12-year-old Cameron Post is coming to terms with her sexuality when both her parents die in a car crash, forcing her to live with her conservative relatives. Cameron is resentful of her life by the time she enters high school -- especially for the feelings she has for her friend Irene. Cameron and Irene gradually move apart, and in high school, Cameron falls for Cooley Taylor from her biology class. The pastor of her aunt's church suggests a Christian school that handles conversion therapy, and Cameron is forced to attend. Despite what the school is trying to do, she makes new friends just like her, and she is finally accepted by a queer community she has been looking for.

Check out Emily Danforth's book here .

One Man Guy by Michael Barakiva

Alek Khederian just barely survived his first year of high school and is hoping for a summer of relaxation when his parents tell him he'll have to go to summer school to keep his grades up. Alek is positive that it will be just as awful as his freshman year of high school. But at summer school, Alek meets a cool guy named Ethan. They skip classes together, and a friendship begins to blossom between the two boys. Soon after, it seems as though Ethan wants to be more than friends with Alek, who has never considered having a boyfriend. Alek must decide if it is time for him to open his mind, and his heart, to these new feelings inside him.

Buy Michael Barakiva's book here .

Boy Meets Boy by David Levithan

Paul is a sophomore at what may be the weirdest school ever. The star quarterback is also the homecoming queen who prefers to be called Infinite Darlene instead of Daryl anymore, the popular girls ride motorcycles, and an alliance was formed between the “straights" and the “gays" to teach the straight kids how to dance. When Paul falls head over heels for Noah, he ends up accidentally blowing his chances. Paul has to realize that everything in his life may fall apart before all the pieces come back together.

David Levithan's novel can be found here .

The Gentleman's Guide to Vice and Virtue by Mackenzi Lee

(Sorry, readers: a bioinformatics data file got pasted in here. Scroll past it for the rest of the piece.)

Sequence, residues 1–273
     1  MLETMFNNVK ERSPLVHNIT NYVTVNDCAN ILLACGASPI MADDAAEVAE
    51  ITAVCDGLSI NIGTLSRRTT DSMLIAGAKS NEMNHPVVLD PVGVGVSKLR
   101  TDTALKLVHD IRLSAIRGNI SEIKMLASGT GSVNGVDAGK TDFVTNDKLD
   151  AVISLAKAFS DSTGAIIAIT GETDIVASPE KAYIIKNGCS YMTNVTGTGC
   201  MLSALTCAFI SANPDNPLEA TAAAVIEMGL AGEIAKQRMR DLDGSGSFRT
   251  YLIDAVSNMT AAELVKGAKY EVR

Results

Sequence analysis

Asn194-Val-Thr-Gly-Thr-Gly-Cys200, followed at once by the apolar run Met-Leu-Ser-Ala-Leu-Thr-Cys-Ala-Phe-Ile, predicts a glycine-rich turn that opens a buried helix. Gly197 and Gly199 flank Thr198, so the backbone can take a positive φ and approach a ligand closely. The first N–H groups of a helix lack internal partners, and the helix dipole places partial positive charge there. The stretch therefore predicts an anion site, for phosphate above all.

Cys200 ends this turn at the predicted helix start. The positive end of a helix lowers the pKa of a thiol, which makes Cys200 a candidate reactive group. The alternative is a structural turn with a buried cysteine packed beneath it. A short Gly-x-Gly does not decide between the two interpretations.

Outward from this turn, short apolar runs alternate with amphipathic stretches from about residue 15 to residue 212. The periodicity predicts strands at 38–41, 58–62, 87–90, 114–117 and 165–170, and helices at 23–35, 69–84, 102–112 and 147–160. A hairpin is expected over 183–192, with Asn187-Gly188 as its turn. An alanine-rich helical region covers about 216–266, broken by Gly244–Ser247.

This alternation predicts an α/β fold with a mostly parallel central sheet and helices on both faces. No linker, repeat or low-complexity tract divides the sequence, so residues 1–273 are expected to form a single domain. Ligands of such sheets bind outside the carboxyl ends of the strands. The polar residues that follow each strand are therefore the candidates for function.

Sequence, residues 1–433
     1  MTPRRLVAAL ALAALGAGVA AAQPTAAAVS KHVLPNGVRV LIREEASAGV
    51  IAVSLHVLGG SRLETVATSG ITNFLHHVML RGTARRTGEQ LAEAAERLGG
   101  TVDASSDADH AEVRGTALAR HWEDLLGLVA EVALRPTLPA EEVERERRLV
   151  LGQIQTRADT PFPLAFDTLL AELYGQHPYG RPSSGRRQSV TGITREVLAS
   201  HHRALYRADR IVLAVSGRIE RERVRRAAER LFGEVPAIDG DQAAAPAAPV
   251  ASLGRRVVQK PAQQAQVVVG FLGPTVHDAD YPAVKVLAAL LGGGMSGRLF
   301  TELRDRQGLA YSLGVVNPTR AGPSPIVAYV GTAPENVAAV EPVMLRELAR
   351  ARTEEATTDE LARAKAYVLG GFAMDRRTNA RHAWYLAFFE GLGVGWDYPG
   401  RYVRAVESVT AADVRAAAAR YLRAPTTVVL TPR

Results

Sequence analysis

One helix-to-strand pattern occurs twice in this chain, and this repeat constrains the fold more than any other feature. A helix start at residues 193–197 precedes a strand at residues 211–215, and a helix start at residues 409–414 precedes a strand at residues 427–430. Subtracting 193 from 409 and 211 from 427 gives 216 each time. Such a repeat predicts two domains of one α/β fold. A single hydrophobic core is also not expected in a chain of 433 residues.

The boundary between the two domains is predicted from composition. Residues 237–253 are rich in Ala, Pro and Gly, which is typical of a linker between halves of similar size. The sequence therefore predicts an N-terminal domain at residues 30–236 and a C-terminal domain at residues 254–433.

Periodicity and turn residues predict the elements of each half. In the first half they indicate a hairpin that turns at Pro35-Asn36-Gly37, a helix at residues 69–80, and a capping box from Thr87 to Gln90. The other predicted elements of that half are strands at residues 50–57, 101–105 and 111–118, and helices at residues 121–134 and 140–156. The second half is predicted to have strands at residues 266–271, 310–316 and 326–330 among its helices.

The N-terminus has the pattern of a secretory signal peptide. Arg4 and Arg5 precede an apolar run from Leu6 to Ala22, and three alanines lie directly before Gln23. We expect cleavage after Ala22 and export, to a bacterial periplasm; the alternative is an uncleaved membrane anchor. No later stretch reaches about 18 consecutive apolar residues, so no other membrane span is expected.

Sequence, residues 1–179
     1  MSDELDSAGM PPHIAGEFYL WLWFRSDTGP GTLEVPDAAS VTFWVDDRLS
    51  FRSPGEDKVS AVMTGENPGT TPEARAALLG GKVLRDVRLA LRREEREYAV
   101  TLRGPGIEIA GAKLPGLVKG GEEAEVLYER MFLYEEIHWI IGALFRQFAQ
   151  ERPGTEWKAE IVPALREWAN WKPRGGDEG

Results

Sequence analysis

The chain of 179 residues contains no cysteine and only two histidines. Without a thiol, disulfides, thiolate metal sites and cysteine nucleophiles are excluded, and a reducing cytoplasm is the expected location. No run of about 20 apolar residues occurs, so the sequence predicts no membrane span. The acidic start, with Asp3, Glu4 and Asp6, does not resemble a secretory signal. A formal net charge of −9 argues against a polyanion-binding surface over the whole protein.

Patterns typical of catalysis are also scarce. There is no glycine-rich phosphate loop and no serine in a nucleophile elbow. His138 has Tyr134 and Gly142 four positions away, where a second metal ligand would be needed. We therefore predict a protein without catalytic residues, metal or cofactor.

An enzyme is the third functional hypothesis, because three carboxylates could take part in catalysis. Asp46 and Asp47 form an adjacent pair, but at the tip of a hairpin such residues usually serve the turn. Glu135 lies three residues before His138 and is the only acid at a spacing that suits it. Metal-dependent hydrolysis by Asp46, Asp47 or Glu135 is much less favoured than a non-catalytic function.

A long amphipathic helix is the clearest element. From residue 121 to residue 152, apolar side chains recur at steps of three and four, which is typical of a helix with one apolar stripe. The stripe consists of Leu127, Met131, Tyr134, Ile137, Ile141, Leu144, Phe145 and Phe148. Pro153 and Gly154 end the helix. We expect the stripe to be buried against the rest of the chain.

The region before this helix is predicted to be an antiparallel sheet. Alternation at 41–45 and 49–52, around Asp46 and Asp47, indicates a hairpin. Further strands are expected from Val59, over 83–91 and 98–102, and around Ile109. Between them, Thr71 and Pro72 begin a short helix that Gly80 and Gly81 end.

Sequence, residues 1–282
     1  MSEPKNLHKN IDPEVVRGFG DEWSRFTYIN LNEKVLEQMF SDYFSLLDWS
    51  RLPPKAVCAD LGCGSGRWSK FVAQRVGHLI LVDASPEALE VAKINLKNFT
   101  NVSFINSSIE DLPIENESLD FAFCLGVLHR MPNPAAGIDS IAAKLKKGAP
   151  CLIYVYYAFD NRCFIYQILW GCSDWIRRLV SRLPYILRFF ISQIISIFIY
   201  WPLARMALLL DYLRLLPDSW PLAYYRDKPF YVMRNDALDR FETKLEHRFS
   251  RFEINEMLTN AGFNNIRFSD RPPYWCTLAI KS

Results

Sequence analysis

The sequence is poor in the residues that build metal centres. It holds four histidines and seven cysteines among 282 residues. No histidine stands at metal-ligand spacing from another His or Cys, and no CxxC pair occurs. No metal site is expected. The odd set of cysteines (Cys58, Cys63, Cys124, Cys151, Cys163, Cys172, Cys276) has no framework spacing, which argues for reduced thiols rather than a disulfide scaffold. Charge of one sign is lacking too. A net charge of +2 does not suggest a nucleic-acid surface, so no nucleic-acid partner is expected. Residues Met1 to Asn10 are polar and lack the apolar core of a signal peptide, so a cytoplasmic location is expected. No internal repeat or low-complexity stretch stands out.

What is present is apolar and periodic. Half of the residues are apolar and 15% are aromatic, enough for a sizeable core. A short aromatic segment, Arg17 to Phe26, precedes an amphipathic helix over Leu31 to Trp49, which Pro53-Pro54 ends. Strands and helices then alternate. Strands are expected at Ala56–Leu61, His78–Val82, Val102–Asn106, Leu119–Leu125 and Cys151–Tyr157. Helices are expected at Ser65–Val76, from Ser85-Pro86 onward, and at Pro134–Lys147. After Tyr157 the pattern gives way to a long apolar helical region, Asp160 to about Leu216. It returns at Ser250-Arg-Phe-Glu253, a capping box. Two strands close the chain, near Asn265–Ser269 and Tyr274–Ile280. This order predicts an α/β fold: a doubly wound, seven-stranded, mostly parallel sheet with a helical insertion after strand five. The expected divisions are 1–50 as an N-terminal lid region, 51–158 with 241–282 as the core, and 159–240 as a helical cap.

Henry "Monty" Montague is a passionate gentleman. He loves gambling, drinking, and sleeping around with both males and females. But Monty's roguish ways may come to an end when his disappointed father informs him that he wants Monty to take over the family estate. In one last hurrah, Monty travels from Paris to Rome with his travelling companion Percy, who he has a huge crush on and cannot stop flirting with. The reckless Monty turns their trip into a dangerous mission, and he has to come to terms with the fact that maybe he needs to change his ways.

Buy Mackenzi Lee's novel here .

Georgia Peaches and Other Forbidden Fruit by Jaye Robin Brown

Joanna Gordon has been proudly out of the closet for years, but all of that changes when her father gets remarried. Joanna, her father, and her new stepmom move out to Rome, Georgia. Upon learning the conservative ways of their new town, Joanna's father asks her to keep her sexuality a secret until the end of her senior year. But when she meets someone who seems to be the perfect girl, Joanna has to choose between love and breaking a promise to her father.

Check out Jaye Robin Brown's novel here .

If you can, be sure to purchase the books that catch your eye and give them a read! Support the authors who are giving the LGBTQ+ community stories to relate to and indulge in. Embrace yourself and your community, and remember to enjoy Pride Month by and celebrating in whatever way you can!